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Thoughts On Listening To *This Land Is Your Land”

 

I had a dream today, got me thinking,

On the bus on the way home from work,

A dream I’ve had before,

A dream many have probably had

I was on television, talking and singing,

The whole world was a’ watchin’

Woody Guthrie was a’ watchin’

Pete Seeger, he was a ’watchin’

Bruce Springsteen, he was a ’watchin’

And old orange face, Mr. Trump, he was a ’watchin’ too

Kept droppin’ the big TV remote outta his small hands, poor thing,

Anyways, like I said, I was on TV,

Had a guitar in my hands,

Strapped over my favorite flannel shirt,

And my favorite pair of Levis

And my bestest boots. I was a’ wearing all of that

And the song I was gonna sing,

This Land Is Your Land,

Well it weren’t no regular song, sir,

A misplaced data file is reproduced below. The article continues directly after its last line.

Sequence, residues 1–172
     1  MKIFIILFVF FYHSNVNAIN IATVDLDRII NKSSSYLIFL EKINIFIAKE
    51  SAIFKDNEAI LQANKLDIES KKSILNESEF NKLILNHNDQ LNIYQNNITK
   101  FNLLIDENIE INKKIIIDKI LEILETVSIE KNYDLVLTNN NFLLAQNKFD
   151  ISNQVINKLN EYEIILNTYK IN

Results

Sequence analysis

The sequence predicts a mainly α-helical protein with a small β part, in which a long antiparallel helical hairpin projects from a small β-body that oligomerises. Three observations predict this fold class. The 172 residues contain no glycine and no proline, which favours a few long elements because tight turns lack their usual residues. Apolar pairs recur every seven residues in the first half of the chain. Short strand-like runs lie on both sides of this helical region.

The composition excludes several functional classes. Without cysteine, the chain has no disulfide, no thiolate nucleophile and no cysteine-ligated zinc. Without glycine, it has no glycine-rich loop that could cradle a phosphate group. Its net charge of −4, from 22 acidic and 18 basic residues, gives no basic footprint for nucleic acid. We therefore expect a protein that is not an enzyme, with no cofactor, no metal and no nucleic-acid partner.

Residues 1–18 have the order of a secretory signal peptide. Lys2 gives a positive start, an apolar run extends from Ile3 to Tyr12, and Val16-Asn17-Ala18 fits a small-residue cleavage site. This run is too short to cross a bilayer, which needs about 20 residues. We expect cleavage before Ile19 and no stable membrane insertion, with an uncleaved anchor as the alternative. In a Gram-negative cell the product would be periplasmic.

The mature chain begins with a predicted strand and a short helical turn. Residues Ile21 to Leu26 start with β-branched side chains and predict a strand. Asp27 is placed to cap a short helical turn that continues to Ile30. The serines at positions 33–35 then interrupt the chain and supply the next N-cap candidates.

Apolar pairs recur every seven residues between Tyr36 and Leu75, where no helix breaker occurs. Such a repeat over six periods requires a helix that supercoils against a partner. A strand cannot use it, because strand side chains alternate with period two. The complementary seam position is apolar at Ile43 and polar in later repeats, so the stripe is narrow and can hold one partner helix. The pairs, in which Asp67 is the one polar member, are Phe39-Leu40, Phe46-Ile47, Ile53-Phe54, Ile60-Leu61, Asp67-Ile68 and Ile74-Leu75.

It was, I reckon, one of the most beautiful songs

I ever heard, I was telling people about it,

It was all about this country of ours,

And all its’ natural beauty,

And how it was built for you,

And built for me

And how it was built for him,

And him,

And her

And her

And the preacher

And the doctor

And the lawman

And the bus driver

And the children playing in the schoolyard,

Sir it was built for them too,

It didn’t make no mention of names

Nor what school they went to,

Nor even if they didn’t go to school, well it didn’t mention that neither

Nor what church they go to, who they pray to, iffn they pray at all,

No, sir, not even where they come from,

Not which part of town, not which coast,

Not which country,

Cuz everybody here comes from someplace else in the long run, don’t they?

Iffn ya trace it back far enough, I mean, we all come from immigrants

– Well, almost all of us –

Yes, sir, the song was plain and simple and beautiful, and indeed

This here land was made for you, and me, and him, and him, and her, and her